Wednesday, June 29, 2011
The Liberty Belle
I recounted a bit about Boeing's B-17 a week or so ago, but felt it was worthwhile to show you another, clearer photo of the Liberty Belle's nose art. The practice of personalizing aircraft began during before World War One, particularly with German and Italian pilots. During the war German pilots were renowned for painting all manner of garish designs on their mounts, with scant regard to camouflage-after all, the Red Baron was a real pilot, and his personal planes were all pure scarlet. Other popular motifs were mouths painted around the propeller spinners, as well as the American tradition of squadron logos on the sides of planes.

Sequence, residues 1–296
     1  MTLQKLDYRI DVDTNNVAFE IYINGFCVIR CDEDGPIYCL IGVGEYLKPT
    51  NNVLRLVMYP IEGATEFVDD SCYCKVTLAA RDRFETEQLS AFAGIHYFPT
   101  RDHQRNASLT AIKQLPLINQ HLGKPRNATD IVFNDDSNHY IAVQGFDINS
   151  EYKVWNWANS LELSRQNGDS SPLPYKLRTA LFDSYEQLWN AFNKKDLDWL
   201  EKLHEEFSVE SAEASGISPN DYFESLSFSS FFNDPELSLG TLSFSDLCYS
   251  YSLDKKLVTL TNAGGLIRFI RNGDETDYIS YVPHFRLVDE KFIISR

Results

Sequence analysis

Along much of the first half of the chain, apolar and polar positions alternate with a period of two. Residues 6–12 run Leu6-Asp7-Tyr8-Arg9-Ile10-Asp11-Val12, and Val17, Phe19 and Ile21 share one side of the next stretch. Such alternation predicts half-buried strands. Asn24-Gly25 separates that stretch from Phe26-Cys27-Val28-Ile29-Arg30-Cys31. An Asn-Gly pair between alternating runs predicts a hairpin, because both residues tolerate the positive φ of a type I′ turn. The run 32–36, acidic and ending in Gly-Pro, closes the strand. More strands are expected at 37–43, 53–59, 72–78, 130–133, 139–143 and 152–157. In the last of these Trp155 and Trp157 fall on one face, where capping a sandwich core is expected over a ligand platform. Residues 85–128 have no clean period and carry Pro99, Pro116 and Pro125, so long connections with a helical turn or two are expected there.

But, nose art truly came into it's own during the second World War. Often considered the Golden Age of this particular art, both Axis and Allied pilots indulged, particularly American bomber crews. In fact, when one thinks of nose art one almost automatically imagines a big B-24 or something, with a cartoon character or Vargas girl splashed on the side. Good artists were in high demand within Air Corps squadrons, and were well paid by the crews for their services. Popular themes were cartoon characters, tributes to famous people, and the aforementioned Vargas-style pinups.
The Liberty Belle is a good example of the latter. Sadly, she's no more, having crashed soon after takeoff on June 13, 2011.